Both Arabella and Sue, the wife and partner, respectively, of Jude, are strong female characters, unlike the stereotypical Victorian woman. Both are strong, but in different ways.
Arabella is domineering and practical and has no moral qualms about trapping Jude in a marriage. She is the kind of women who knows what she wants and how to get it, even if she is isn't able to hold onto it. She is study, robust, and strong—one is not likely to soon forget her bleeding the pig. Hers is the life of the body, of pragmatic, everyday survival. She represents animal sexuality.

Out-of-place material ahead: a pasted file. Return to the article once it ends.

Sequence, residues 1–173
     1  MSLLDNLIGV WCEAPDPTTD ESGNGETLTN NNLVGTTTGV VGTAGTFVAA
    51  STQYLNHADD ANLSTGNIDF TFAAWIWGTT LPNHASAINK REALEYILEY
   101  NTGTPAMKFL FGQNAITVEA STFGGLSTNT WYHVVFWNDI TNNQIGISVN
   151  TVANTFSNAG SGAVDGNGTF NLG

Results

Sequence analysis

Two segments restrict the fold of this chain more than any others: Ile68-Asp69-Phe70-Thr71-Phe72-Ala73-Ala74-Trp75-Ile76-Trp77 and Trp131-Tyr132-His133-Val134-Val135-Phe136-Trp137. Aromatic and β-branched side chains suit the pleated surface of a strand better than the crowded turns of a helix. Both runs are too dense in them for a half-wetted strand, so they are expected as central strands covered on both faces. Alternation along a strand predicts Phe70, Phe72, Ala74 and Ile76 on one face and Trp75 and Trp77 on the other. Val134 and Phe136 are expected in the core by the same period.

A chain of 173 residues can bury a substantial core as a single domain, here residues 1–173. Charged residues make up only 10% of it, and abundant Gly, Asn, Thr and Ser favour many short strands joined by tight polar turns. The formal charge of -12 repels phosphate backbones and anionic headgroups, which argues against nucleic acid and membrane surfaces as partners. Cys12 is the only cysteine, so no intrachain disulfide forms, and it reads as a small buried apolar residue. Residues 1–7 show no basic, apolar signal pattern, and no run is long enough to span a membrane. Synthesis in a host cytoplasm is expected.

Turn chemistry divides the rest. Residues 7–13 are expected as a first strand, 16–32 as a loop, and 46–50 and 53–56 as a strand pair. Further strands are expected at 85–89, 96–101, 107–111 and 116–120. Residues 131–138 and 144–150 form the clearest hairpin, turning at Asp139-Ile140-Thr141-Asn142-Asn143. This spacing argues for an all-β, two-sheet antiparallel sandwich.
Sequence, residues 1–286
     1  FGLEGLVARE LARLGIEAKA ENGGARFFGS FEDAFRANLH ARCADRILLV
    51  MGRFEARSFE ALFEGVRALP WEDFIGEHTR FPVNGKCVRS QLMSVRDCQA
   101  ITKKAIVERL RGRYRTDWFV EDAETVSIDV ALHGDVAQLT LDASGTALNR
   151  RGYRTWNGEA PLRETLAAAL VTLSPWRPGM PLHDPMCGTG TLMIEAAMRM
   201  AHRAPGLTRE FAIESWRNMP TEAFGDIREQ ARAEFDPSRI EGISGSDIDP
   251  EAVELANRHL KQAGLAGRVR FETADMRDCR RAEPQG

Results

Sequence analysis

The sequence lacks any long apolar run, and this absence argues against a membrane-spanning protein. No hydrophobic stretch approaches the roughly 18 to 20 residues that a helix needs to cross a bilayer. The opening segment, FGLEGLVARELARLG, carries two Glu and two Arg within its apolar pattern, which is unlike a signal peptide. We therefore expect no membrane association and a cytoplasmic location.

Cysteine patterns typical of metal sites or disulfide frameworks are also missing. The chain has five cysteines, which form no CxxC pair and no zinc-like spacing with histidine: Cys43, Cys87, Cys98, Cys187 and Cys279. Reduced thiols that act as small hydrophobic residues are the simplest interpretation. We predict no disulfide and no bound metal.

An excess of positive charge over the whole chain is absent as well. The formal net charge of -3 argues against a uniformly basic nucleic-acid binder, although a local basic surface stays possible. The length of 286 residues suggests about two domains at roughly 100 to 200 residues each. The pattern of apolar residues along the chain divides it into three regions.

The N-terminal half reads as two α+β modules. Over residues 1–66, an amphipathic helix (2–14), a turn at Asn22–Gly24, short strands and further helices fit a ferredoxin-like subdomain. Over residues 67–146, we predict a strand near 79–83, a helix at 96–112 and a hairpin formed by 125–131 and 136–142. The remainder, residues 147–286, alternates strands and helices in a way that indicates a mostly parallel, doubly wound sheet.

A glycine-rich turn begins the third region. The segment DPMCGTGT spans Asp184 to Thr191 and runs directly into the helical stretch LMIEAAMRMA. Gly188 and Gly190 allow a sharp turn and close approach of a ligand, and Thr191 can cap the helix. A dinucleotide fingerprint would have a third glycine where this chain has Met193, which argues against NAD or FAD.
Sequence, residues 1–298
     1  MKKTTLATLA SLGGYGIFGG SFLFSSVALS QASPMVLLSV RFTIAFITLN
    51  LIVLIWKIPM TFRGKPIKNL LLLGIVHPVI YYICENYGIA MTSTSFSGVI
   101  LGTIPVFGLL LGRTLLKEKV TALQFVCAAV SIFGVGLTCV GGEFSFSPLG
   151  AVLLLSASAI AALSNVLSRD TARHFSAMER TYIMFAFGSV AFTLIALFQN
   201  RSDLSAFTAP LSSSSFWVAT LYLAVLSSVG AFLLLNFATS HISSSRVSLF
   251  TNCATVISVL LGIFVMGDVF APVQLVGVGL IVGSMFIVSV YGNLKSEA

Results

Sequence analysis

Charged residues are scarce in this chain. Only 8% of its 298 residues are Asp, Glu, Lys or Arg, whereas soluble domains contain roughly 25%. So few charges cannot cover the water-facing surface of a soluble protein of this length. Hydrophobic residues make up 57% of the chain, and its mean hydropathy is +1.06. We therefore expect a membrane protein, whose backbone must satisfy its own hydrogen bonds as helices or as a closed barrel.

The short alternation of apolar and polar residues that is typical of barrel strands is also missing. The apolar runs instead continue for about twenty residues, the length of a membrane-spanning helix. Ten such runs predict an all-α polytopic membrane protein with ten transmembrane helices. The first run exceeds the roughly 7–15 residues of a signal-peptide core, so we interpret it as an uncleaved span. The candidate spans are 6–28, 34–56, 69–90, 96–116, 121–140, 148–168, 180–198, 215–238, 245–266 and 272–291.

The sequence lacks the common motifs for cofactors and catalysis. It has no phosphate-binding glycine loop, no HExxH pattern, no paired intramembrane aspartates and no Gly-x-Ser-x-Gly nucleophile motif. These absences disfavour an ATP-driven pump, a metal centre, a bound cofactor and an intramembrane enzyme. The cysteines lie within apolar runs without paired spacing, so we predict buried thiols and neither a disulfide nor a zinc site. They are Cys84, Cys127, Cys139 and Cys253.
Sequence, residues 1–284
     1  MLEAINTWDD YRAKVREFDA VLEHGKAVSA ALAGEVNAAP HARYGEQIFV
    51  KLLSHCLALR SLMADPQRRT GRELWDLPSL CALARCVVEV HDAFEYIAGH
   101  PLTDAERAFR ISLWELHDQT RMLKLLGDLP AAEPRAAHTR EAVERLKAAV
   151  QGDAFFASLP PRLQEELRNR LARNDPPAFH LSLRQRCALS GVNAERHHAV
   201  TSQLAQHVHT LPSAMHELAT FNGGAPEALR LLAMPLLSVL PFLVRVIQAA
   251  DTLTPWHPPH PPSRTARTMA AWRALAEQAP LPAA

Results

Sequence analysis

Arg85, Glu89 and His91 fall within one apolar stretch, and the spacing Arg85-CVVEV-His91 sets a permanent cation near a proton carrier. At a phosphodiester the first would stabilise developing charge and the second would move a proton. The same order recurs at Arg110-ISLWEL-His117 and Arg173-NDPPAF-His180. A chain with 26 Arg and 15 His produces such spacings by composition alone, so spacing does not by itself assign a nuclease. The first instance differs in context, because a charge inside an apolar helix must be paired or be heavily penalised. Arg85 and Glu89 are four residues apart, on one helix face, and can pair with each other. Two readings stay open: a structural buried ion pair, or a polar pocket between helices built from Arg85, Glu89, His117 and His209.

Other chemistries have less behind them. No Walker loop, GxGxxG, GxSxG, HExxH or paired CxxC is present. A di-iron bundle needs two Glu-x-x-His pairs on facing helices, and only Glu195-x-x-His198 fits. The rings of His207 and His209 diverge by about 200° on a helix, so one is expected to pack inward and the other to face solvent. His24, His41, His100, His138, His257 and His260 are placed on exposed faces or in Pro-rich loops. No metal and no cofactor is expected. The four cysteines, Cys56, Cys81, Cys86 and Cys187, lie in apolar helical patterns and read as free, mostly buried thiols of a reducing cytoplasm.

Sue is also a strong woman, strong enough to stay with Jude as his unmarried partner and the mother of his children in the Victorian era, when this behavior was strongly condemned and censured. Her strength, however, is different from Arabella's animal nature. Sue is an intellectual partner to Jude, complex and ethereal. She is slim and pretty, with an abstract quality. If Jude was attracted to Arabella's sexual energy, he is soon captivated by Sue's mental power.
Both Arabella and Sue are depictions of women who fall outside of the Victorian ideal of the woman as the angel of the home. Arabella is no shrinking violet, and Sue murders her children, all of which adds to the modern feel of this novel.